April 9, 2015 5:50 AM EDT


Our cover package on the battle between religious-freedom bills and civil rights for gay people prompted sharp responses. Richard Metz of Fort Myers, Fla., criticized “bullying tactics” from gay-rights activists, saying that religious liberty is a constitutional protection while antidiscrimination laws are not. But the vast majority of religious readers voiced frustration with the Indiana bill and others like it, even taking offense at TIME’s calling their supporters “believers.” “To me a ‘believer’ is someone who has faith in a loving God, a God who I believe would be as disgusted as I am with what is being done in His name,” wrote Nicole Mohr of Simi Valley, Calif., adding that many churches are standing up for LGBT rights. Wrote Barb Miller, an evangelical Christian from Reedsville, Pa., “the business of Christians is to spread the gospel, not worry about other people’s life choices … If I were going to refuse services to those whose behavior I don’t condone, I would be refusing to serve those who cheat on their partners or don’t pay enough attention to their children.”


“Mr. Klein is the only major national columnist who has correctly identified Iran’s rights to peaceful nuclear development under the Nuclear Non-Proliferation Treaty as the crucial reason why their nuclear program cannot be totally dismantled,” wrote William Beeman, professor and chair of anthropology at the University of Minnesota. But on TIME.com, doctor.j wrote that “a bad diplomatic ‘solution’ is not our only option,” citing other paths such as “more comprehensive international sanctions and economic isolation” and “surgical military strikes against Iranian nuclear facilities.”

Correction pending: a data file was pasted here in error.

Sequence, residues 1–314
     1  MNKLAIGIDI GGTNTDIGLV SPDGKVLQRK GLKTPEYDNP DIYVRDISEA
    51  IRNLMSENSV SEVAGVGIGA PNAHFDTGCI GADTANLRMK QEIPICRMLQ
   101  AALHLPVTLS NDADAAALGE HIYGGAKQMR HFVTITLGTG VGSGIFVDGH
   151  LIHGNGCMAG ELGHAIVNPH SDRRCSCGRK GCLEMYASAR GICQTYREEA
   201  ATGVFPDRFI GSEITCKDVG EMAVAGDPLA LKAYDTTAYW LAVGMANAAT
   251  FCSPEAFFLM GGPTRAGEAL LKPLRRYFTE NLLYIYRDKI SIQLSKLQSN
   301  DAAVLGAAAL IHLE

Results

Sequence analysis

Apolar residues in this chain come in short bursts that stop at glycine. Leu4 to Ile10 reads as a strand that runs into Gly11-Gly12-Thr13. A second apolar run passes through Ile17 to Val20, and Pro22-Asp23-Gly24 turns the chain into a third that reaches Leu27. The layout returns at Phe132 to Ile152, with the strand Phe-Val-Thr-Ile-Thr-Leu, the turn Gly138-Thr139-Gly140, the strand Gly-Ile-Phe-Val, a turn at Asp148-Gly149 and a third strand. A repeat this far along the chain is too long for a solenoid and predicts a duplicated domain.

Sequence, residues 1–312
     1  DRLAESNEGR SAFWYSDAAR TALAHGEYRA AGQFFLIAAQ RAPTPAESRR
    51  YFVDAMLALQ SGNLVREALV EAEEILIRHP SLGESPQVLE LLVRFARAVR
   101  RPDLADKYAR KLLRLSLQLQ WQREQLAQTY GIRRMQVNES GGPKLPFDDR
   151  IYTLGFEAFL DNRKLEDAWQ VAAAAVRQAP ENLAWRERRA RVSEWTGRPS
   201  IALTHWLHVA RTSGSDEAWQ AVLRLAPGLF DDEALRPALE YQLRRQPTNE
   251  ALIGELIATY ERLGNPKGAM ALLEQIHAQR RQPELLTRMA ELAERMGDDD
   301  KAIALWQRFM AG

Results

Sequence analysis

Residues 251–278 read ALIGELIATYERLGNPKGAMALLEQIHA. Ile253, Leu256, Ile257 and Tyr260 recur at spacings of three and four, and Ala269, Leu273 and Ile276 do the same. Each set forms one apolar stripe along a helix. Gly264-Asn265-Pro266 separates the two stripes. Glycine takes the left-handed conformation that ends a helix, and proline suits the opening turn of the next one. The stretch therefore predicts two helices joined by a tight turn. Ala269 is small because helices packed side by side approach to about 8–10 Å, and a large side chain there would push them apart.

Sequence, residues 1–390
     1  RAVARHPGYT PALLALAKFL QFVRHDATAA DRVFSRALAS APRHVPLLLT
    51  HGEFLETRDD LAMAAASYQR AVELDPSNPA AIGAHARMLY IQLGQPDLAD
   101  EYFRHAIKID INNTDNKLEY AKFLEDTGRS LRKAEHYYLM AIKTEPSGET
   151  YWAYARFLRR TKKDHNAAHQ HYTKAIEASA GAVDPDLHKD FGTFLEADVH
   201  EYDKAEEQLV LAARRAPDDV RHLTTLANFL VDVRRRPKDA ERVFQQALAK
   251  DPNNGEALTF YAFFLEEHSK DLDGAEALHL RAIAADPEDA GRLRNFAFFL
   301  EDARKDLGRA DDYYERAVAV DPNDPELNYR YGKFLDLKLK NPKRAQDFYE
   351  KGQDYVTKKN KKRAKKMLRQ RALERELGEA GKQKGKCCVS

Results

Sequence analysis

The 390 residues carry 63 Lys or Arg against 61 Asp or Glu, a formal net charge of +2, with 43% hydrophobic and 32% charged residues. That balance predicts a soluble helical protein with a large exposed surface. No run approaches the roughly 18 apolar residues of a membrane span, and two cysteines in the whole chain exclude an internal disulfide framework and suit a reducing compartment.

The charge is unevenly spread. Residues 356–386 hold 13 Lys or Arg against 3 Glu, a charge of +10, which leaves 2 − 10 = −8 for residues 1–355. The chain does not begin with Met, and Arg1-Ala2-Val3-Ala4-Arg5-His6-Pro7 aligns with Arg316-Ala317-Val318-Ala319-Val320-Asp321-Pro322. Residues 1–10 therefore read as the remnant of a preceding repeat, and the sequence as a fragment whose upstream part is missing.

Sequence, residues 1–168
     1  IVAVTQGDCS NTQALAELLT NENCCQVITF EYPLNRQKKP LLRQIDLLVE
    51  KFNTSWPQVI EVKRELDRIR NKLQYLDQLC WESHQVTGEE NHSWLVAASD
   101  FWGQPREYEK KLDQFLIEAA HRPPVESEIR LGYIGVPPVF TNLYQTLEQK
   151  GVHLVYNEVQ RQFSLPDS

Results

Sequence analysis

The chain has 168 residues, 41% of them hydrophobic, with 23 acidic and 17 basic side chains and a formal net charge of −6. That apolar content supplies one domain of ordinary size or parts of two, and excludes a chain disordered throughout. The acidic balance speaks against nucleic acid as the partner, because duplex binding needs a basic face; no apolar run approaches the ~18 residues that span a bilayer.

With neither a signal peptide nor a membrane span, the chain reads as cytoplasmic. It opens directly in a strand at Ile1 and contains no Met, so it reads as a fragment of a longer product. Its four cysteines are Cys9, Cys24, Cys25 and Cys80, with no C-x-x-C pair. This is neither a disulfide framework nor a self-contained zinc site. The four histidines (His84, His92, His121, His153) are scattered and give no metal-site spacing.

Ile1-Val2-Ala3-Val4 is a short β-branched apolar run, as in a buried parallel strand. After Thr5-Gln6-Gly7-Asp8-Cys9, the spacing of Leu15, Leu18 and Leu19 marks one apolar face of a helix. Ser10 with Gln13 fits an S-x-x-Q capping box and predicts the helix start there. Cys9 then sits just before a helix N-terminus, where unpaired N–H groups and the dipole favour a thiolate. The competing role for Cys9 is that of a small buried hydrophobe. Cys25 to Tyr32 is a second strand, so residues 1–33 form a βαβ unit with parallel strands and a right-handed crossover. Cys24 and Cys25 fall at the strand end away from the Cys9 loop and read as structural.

Our story on a chalice being crafted for Pope Francis’ September visit to the U.S. didn’t sit well with some readers. Jerry Mobley of St. Cloud, Fla., called the cup a “misguided symbol of reverence draped in opulence” that should be created only after “every child throughout the world is well fed, kept safe from harm and provided with needed medicine and clean water.”


“Mountains are steeped in mythology,” says English photographer Charles Emerson, whose work features peaks from all over the world (like Romania’s Jepii Mici, above) presented using multiple exposures, to give the images a dreamlike quality. See more on lightbox.time.com.


“Hello from Space.” That’s the subject line of an email TIME got April 3 from astronaut Scott Kelly (above, top, aboard the International Space Station), whose yearlong mission got off to a smooth start. “Ride up hill was awesome,” wrote Kelly. “Settling in very nicely here. It’s almost like I never left.” NASA will study him and his twin brother back on Earth to look for effects of space on the body. For TIME’s ongoing coverage, visit time.com/space.

This appears in the April 20, 2015 issue of TIME.

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